Mark Oakley's answer You won’t be penalized in court, but you will face a longer suspension on your driver’s license by the MVA (or a longer time on the ignition interlock in order to continue driving). You have 10 days (to guarantee a hearing before a suspension after 45 days) from the date of arrest to request a hearing to challenge the reasons for the officer to stop and arrest you, as well as to challenge whether or not you knowingly declined the breath test after being advised of your rights and the...
Daniel P Leavitt's answer Are you employed in Maryland or Virginia? In my experience the answer is that it may impact your job. Usually employees are subject to background checks and every employer is different on how they treat these. A DUI in Virginia and in most states will result in a license suspension and that can impact your ability to get to and from work.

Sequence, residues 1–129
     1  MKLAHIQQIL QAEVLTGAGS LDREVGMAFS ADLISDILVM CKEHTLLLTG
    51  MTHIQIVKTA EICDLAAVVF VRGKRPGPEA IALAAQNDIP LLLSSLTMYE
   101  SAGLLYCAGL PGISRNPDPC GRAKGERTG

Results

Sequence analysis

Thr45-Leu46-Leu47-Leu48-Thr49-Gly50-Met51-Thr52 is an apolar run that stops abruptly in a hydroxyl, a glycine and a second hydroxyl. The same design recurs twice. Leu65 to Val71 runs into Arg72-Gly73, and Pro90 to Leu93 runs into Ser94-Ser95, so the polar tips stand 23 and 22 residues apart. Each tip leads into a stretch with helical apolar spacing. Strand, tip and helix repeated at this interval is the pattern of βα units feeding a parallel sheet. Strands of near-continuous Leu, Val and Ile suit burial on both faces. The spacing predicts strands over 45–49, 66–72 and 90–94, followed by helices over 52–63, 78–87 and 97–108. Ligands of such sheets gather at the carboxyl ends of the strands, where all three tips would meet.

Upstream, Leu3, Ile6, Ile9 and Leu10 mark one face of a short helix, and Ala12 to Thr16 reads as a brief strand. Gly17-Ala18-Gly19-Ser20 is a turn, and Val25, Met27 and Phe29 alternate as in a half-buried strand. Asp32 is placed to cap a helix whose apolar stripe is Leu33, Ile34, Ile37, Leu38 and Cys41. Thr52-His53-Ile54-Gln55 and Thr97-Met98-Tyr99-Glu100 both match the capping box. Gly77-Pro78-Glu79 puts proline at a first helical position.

Mark Oakley's answer Yes, if by that do you mean a judge or prosecutor will take that into consideration at sentencing. However, for purposes of being a subsequent offender under any enhanced sentencing penalties, or for actions by the MVA in connection with suspension or revocation of your driving privileges, then there are arguments against out of state convictions being used in this way. Also, an out of state DUI conviction will not necessarily automatically disqualify you from receiving a "probation before...
Mark Oakley's answer No. You will receive a letter notifying you that your license will be revoked as of a stated date, but that you have the right to a hearing regarding the revocation. The letter may also provide you with the option of electing the ignition interlock for a year. Both options, either requesting a hearing or electing the interlock, have deadlines and procedures set forth in the letter. Do not ignore the letter, and make sure the MVA has your current address. Call a lawyer immediately upon receipt...